When Cameron Ortis approached the head of a company that was being probed by law enforcement, he allegedly told him that he had access to some highly “valuable” information and mentioned a “business proposition.”
“You do not know me. I have information that I am confident you will find very valuable,” reads an email to Vincent Ramos, the Canadian CEO of Phantom Secure. The email was entered into evidence at the start of Ortis’s trial.
“I assure you that this is a business proposition. Nothing more. It is not risk free, of course, but the risk to reward ratio will prove to be more than acceptable.”
That email and others are part of an astonishing tranche of documents that make up the agreed statement of facts between the Crown and the defence in Ortis’s criminal trial.
The Crown presented the emails to jury members Tuesday. They argue the messages show Ortis was communicating intelligence to police targets. The defence has not commented on the emails in open court.
The former RCMP intelligence official faces six charges, including four counts of violating the Security of Information Act.
Ortis, 51, is accused of three counts of sharing special operational information “intentionally and without authority” and one count of attempting to share special operational information. He also faces two Criminal Code charges: breach of trust and unauthorized use of a computer.
Ortis has pleaded not guilty to the charges against him. His defence told reporters they believe they can prove he had the “authority to do everything he did.”
According to the evidence presented to court so far, the RCMP was gathering information about Phantom Secure as part of an operation dubbed Project Saturation. Court has heard the RCMP believed Phantom Secure was providing encrypted phones at a price. The FBI arrested Ramos in Las Vegas in 2018.
The Crown says that, using the email handle ‘See All Things,’ Ortis reached out to Ramos on Feb. 5, 2015 and told him he had information about a multi-agency investigation targeting Phantom Secure.
Some of the emails shown to the court also used the handle “variablewinds.”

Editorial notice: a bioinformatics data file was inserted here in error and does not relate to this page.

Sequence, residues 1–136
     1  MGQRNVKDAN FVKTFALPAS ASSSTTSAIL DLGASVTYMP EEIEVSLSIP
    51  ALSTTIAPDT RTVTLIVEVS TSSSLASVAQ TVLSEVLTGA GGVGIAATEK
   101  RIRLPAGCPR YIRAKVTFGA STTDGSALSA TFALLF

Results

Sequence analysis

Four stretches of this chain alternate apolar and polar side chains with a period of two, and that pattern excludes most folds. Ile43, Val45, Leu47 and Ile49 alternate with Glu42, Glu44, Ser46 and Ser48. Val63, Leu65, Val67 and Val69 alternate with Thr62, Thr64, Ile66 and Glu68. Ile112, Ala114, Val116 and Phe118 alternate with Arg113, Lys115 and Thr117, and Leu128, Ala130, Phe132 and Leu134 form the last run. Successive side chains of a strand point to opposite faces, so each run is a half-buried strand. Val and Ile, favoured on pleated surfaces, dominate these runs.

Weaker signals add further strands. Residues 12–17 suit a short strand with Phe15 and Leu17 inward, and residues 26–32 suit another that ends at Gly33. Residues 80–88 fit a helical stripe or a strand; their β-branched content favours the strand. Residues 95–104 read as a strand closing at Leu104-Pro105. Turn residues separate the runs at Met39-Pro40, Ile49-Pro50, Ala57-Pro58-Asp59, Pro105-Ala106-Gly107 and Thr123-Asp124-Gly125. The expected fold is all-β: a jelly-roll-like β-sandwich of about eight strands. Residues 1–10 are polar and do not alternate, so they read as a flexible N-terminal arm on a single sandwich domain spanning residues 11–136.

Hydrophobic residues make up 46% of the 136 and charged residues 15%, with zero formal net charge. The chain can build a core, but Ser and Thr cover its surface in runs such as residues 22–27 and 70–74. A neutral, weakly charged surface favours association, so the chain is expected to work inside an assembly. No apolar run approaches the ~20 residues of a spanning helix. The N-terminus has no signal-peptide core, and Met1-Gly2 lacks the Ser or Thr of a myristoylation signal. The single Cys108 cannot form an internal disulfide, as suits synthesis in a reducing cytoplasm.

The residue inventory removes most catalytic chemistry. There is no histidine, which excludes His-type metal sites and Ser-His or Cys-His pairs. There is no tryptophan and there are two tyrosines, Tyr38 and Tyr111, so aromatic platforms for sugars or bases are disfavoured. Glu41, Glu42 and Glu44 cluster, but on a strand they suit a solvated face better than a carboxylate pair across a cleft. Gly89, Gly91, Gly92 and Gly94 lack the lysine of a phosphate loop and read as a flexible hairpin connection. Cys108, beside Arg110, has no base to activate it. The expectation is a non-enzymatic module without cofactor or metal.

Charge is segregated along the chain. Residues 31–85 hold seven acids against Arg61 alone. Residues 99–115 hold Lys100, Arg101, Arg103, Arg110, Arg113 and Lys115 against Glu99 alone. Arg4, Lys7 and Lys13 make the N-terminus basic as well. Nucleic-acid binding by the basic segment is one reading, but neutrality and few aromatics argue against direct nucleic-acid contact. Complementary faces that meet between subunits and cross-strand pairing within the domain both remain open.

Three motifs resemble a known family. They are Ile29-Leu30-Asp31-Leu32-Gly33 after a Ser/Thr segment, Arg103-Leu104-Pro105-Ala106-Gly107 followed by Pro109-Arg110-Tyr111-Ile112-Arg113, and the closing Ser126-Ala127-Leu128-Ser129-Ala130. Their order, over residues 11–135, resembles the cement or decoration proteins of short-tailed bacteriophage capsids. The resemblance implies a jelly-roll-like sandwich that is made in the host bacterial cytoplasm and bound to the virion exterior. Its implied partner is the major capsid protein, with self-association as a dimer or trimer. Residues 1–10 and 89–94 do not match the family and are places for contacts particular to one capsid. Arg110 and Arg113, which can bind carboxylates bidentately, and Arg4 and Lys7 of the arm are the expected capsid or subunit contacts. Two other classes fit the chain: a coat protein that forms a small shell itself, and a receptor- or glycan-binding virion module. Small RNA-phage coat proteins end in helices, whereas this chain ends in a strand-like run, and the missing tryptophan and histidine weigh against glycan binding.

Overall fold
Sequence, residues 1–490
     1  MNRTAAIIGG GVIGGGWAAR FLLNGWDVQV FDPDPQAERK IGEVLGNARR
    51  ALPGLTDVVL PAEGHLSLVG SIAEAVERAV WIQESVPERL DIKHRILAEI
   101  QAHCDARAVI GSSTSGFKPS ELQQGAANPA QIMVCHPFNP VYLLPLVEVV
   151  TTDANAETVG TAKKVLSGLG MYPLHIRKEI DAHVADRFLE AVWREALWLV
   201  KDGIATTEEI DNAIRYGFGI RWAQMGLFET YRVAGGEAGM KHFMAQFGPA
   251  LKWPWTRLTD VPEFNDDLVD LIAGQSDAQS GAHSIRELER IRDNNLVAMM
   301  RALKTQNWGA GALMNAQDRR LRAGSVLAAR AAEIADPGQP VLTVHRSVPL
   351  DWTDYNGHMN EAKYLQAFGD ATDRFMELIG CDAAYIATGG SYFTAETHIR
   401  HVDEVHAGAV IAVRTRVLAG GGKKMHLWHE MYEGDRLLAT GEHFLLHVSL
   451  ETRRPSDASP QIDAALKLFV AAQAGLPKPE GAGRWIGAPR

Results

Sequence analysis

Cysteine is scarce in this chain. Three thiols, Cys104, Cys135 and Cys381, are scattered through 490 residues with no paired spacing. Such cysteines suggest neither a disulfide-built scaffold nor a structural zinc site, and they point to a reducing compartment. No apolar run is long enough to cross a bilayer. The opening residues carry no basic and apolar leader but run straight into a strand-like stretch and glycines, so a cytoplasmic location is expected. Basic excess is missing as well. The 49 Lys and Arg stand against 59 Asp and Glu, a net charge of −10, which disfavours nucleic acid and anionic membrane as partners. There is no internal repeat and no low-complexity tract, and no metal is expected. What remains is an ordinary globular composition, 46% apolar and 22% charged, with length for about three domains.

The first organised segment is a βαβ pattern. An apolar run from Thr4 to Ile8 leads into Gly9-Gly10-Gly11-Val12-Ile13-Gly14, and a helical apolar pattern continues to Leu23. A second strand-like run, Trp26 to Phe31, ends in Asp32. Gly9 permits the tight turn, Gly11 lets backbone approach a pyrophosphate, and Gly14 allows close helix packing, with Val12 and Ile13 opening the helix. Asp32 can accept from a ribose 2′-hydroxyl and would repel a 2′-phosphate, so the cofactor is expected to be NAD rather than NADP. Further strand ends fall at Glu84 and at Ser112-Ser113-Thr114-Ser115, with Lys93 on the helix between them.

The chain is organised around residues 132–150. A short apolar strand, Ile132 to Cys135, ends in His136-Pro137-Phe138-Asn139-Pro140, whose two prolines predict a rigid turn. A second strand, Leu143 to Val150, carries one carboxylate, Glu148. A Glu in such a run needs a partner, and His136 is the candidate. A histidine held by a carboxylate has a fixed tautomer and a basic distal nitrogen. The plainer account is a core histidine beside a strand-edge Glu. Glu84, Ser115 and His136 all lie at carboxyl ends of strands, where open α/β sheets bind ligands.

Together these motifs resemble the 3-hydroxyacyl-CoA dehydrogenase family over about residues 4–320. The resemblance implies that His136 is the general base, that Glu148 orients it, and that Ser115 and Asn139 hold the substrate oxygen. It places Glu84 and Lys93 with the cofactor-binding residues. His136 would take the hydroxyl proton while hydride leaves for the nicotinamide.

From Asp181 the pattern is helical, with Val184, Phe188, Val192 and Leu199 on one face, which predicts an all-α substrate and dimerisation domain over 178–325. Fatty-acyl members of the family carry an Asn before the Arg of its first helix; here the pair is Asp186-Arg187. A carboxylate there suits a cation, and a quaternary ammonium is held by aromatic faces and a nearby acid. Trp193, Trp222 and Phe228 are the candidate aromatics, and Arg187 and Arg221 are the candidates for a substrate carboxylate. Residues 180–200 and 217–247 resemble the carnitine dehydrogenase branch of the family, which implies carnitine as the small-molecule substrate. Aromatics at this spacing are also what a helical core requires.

Crown prosecutor Judy Kliewer told the jury that in one of Ortis’s emails, the accused told Ramos certain “files detail this effort, intel about your associates and individuals using your network internationally.”
At the time, Ortis was the director of operations research within RCMP National Security. He was later promoted to director general of the National Intelligence Coordination Centre in 2016.
Kliewer said Ortis urged Ramos to set up a secure email account and to contact him for more information.
Ortis said he had info on associate
Ramos replied, asking for more details.
“I am in the business of acquiring hard-to-get information that individuals in unique high-risk businesses find valuable. I sell that information to them,” said the response.
“Through the course of my normal discovery ops (some call this hacking, others cracking) I came across a number of documents that pertain to your current efforts.”
When Ramos failed to loop back, Kliewer said, Ortis sent another email on March 21 suggesting he had information about Kapil Judge, Phantom Secure’s technical manager.
“I thought I would check in and touch base. Did Judge arrive on the 8th as planned?” says one of the emails tabled in court Wednesday.
“Let me guess, he met someone ‘friendly’ while being secondaried by CBSA at the airport?”
Accused was asking for $20K, Crown says
Ramos replied that he was “a bit intrigued for sure” and promised to set up a secure account.